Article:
Just hours after the FBI announced that, with absolute certainty, it had determined that North Korea was behind the Sony hack, a "theory" that has become the butt of global jokes, we learned, in a far less prominent release, that according to an internal inquiry, FBI evidence if "often mishandled." According to the NYT, "F.B.I. agents in every region of the country have mishandled, mislabeled and lost evidence, according to a highly critical internal investigation that discovered errors with nearly half the pieces of evidence it reviewed.
The evidence collection and retention system is the backbone of the F.B.I.’s investigative process, and the report said it is beset by problems.
It gets better: according to the report, the F.B.I. was storing more weapons, less money and valuables, and two tons more drugs than its records had indicated. Almost as if the FBI was siphoning off cash, while hoarding guns and blow.
The report’s findings, based on a review of more than 41,000 pieces of evidence in F.B.I. offices around the country, could have consequences for criminal investigations and prosecutions. Lawyers can use even minor record-keeping discrepancies to get evidence thrown out of court, and the F.B.I. was alerting prosecutors around the country on Friday that they may need to disclose the errors to defendants.
A majority of the errors identified were due in large part to human error, attributable to a lack of training and program management oversight,” auditors wrote in the report, which was obtained by The New York Times.
F.B.I. officials on Friday said that they decided on their own to conduct the review after discovering during an internal audit that there might be issues with the record keeping for evidence.
In other words, there was human error, as well as willful "record keeping" lies.
But that's ok, because the FBI has released a YouTube clip proving that North Korea hacked the US subsidiary of a Japanese company in a matter that has escalated to a national security issue. Right? Because the US had doctored photos of Iraq WMDs, and a doctored YouTube clip of Syrians "dead" after an Assad chemical attack.
Well, maybe not. Which perhaps explains why a defiant North Korea not only refuses to take responsibility for the infamous Sony "hack", something which makes little sense for the regime that would love to take full credit for crippling of the evil Imperialist pigs' Christmas movie schedule, but that, as Reuters reports, it wants a joint probe investigation into the incident with the United States.
An unnamed spokesman of the North's foreign ministry said there would be "grave consequences" if Washington refused to agree to the joint probe and continued to accuse Pyongyang, the official KCNA news agency reported on Saturday.
In fact, earlier today, North Korea warned of “serious consequences” if the United States retaliates against it.
As a reminder, on Friday, President Barack Obama blamed North Korea for the devastating cyberattack, which led to the Hollywood studio cancelling "The Interview", a comedy on the fictional assassination of North Korean leader Kim Jong Un.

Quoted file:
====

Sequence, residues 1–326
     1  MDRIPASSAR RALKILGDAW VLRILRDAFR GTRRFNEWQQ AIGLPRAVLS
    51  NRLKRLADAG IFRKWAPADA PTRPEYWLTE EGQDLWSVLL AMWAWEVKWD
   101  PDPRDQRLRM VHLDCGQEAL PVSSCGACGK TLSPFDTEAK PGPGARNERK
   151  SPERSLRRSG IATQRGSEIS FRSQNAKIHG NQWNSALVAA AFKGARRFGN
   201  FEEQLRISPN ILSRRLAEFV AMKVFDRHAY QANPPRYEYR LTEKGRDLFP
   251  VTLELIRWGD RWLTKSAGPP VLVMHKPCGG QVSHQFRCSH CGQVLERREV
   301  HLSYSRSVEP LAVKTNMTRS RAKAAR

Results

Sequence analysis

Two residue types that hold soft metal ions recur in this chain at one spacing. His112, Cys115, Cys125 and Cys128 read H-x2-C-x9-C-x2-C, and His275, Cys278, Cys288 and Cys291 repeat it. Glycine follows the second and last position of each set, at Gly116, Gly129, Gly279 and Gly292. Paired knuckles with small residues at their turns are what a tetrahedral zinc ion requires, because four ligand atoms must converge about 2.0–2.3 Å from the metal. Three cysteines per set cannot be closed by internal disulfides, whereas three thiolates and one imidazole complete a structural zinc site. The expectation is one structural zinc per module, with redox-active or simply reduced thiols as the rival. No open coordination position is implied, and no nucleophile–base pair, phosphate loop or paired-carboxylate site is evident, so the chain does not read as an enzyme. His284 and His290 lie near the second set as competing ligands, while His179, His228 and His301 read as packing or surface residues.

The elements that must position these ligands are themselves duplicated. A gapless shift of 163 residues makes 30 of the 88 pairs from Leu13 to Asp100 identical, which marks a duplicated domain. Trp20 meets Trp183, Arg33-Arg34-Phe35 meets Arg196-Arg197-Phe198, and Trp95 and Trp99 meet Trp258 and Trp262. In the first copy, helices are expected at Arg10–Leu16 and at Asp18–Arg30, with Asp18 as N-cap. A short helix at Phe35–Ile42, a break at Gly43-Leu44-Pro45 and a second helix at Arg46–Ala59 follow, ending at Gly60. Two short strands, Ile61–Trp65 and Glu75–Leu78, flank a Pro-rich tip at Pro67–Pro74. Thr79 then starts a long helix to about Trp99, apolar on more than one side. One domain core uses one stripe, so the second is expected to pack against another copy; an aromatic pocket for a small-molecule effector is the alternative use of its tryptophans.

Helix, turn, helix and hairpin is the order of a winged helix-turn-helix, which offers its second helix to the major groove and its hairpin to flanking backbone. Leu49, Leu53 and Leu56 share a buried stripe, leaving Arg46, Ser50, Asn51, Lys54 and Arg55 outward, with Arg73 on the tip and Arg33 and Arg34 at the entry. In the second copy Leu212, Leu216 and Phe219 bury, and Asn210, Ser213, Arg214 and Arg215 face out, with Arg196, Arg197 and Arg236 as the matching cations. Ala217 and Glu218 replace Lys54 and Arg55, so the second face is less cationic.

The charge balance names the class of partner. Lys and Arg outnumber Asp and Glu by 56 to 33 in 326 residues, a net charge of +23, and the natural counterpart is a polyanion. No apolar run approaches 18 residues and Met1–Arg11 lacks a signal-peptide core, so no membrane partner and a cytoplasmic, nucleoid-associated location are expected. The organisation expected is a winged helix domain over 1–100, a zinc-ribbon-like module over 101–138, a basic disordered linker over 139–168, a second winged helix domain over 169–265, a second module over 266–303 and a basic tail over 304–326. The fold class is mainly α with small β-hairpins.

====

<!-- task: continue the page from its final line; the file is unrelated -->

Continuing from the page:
But the epic punchline, is that even a tiny backwater, dictatorship can now make fun of US "moral high ground" courtesy of the recent CIA torture disclosure. “We have a way to prove that we have nothing to do with the case without resorting to torture, as what the C.I.A. does,” the statement said.
We can't wait to see it. We also can't wait to see America's own proof for what is shaping up to be yet another false flag intervention. Alas, we may be waiting for a long time.
While some computer experts still express doubts whether the North was actually behind the attack, American officials said it was similar to what was believed to be a North Korean cyberattack last year on South Korean banks and broadcasters. One key similarity was the fact that the hackers erased data from the computers, something many cyberthieves do not do.
Some American officials have said that North Korea appears to have embraced cyberterrorism as its new weapon of choice for making political points, and is possibly trying to extort new concessions out of the United States and its allies. While North Korea is an impoverished nation with so little Internet usage that it is essentially a black hole in cyberspace, the attacks showed a high level of sophistication and hacking expertise.
The hackers did considerable commercial damage to Sony Pictures, posting embarrassing emails, detailed breakdowns of executive salaries, digital copies of unreleased movies and even the unpublished script for an upcoming James Bond movie.
Sony said the threats against theaters left it no choice but to cancel the Dec. 25 release of “The Interview,” in which Seth Rogen and James Franco play television journalists who get a scoop interview with Mr. Kim, and then find themselves recruited by the C.I.A. to kill him.
On Friday, Mr. Obama faulted Sony’s decision to withhold the movie, saying that it created a precedent of studios giving into intimidation.
Yes, the "terrorists won", which is precisely the cover that the US needed to maintain its imploding "Pax American" status quo. Oh, and whatever happened to all that media coverage of US "enhanced interrogation techniques" anyway?